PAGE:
10. Wydick, Bruce, 1999. "Can Social Cohesion Be Harnessed to Repair Market Failures? Evidence from Group Lending in Guatemala," Economic Journal, Royal Economic Society, vol. 109(457), pages 463-475, July.
    11. Gachter, Simon & Fehr, Ernst, 1999. "Collective action as a social exchange," Journal of Economic Behavior & Organization, Elsevier, vol. 39(4), pages 341-369, July.
    Full references (including those not matched with items on IDEAS)

    Citations

    Citations are extracted by the CitEc Project, subscribe to its RSS feed for this item.
    as


    Cited by:

    1. Greig, Fiona & Bohnet, Iris, 2009. "Exploring gendered behavior in the field with experiments: Why public goods are provided by women in a Nairobi slum," Journal of Economic Behavior & Organization, Elsevier, vol. 70(1-2), pages 1-9, May.
    2. Klaus Abbink & Matthew Ellman, 2004. "The donor problem," Economics Working Papers 796, Department of Economics and Business, Universitat Pompeu Fabra, revised Jan 2005.
    3. Juan Camilo Cardenas & Jeffrey P. Carpenter, 2005. "Experiments and Economic Development: Lessons from Field Labs in the Developing World," Middlebury College Working Paper Series 0505, Middlebury College, Department of Economics.
    4. Juan Camilo Cardenas & Jeffrey Carpenter, 2008. "Behavioural Development Economics: Lessons from Field Labs in the Developing World," Journal of Development Studies, Taylor & Francis Journals, vol. 44(3), pages 311-338.
    5. Xavier Giné & Pamela Jakiela & Dean Karlan & Jonathan Morduch, 2010. "Microfinance Games," American Economic Journal: Applied Economics, American Economic Association, vol. 2(3), pages 60-95, July.
    6. V. Pelligra, 2005. "Banking with sentiments. A model of fiduciary interactions in micro-credit programs," Working Paper CRENoS 200503, Centre for North South Economic Research, University of Cagliari and Sassari, Sardinia.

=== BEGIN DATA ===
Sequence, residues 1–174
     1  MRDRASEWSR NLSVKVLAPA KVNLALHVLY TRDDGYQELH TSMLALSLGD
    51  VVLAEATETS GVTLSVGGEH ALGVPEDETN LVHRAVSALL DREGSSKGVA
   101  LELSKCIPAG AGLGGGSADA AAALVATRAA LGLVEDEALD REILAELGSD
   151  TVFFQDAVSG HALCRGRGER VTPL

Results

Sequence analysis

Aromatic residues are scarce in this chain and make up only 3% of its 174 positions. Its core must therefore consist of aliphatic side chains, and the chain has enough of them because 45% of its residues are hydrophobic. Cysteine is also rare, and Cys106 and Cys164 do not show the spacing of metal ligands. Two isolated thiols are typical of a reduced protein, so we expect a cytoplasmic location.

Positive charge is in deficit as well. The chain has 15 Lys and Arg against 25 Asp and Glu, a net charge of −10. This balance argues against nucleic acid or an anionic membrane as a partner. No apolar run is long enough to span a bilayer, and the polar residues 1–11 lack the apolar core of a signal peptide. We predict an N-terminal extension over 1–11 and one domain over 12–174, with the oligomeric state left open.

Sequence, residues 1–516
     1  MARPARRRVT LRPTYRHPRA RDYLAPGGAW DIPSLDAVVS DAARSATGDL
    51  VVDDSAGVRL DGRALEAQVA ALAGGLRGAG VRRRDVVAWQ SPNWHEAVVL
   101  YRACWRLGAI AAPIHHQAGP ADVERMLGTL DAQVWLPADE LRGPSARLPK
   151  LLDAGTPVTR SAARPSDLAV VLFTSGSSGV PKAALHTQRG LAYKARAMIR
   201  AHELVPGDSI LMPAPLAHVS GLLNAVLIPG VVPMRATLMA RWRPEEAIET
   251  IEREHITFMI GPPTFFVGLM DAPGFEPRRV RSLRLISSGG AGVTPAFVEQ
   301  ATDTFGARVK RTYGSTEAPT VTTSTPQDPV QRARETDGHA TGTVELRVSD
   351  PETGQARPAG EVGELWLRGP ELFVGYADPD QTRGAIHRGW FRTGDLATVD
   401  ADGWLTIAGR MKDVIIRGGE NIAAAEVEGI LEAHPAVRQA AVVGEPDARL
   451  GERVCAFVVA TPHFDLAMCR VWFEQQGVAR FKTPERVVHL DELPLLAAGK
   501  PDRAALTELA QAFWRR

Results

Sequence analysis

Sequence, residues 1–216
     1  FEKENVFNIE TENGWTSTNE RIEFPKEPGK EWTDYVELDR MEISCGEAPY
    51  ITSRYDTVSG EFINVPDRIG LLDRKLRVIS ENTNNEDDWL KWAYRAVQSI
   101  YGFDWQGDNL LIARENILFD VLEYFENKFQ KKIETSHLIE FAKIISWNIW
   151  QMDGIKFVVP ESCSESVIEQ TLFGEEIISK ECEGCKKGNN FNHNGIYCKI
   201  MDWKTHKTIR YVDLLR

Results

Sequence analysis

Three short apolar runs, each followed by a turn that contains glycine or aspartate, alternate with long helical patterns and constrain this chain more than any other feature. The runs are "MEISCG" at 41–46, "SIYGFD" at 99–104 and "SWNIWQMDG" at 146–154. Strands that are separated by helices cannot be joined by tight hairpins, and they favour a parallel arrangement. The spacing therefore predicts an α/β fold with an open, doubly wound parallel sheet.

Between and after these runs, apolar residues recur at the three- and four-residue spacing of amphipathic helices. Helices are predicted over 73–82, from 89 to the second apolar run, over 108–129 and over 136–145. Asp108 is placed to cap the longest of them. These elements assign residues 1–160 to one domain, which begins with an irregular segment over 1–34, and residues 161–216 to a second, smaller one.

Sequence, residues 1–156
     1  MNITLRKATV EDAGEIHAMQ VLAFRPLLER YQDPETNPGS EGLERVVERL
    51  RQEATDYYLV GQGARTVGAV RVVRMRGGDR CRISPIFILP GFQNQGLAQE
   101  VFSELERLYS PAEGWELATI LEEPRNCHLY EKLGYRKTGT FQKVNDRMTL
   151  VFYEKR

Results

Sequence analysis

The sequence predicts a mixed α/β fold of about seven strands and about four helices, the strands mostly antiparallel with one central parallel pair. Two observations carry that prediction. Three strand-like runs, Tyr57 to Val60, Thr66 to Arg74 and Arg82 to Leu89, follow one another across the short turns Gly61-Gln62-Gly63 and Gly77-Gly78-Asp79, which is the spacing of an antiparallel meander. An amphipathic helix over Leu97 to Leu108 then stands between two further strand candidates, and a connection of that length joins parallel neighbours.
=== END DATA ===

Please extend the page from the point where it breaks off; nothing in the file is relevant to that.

More about this item

    JEL classification:

    • O - Economic Development, Innovation, Technological Change, and Growth
    • P - Economic Systems

    Statistics

    Access and download statistics

    Corrections

    All material on this site has been provided by the respective publishers and authors. You can help correct errors and omissions. When requesting a correction, please mention this item's handle: RePEc:csa:wpaper:2002-05. See general information about how to correct material in RePEc.

    For technical questions regarding this item, or to correct its authors, title, abstract, bibliographic or download information, contact: (Julia Coffey). General contact details of provider: http://edirc.repec.org/data/csaoxuk.html .

    If you have authored this item and are not yet registered with RePEc, we encourage you to do it here. This allows to link your profile to this item. It also allows you to accept potential citations to this item that we are uncertain about.

    If CitEc recognized a reference but did not link an item in RePEc to it, you can help with this form .

    If you know of missing items citing this one, you can help us creating those links by adding the relevant references in the same way as above, for each refering item. If you are a registered author of this item, you may also want to check the "citations" tab in your RePEc Author Service profile, as there may be some citations waiting for confirmation.

    Please note that corrections may take a couple of weeks to filter through the various RePEc services.

    IDEAS is a RePEc service hosted by the Research Division of the Federal Reserve Bank of St. Louis . RePEc uses bibliographic data supplied by the respective publishers.